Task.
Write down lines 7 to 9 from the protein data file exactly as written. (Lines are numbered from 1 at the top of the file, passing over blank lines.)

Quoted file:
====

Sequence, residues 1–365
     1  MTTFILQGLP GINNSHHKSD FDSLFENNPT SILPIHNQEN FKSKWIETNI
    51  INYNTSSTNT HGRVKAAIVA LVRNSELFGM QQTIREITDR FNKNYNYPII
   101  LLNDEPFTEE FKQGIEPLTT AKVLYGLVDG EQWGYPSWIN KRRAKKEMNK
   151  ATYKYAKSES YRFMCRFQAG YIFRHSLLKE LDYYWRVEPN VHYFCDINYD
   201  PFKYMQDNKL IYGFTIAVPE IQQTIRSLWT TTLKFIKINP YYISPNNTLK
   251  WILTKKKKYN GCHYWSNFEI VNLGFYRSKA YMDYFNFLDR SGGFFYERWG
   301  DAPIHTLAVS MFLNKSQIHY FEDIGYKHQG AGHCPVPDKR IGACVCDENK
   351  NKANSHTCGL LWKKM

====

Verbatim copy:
   251  WILTKKKKYN GCHYWSNFEI VNLGFYRSKA YMDYFNFLDR SGGFFYERWG
   301  DAPIHTLAVS MFLNKSQIHY FEDIGYKHQG AGHCPVPDKR IGACVCDENK
   351  NKANSHTCGL LWKKM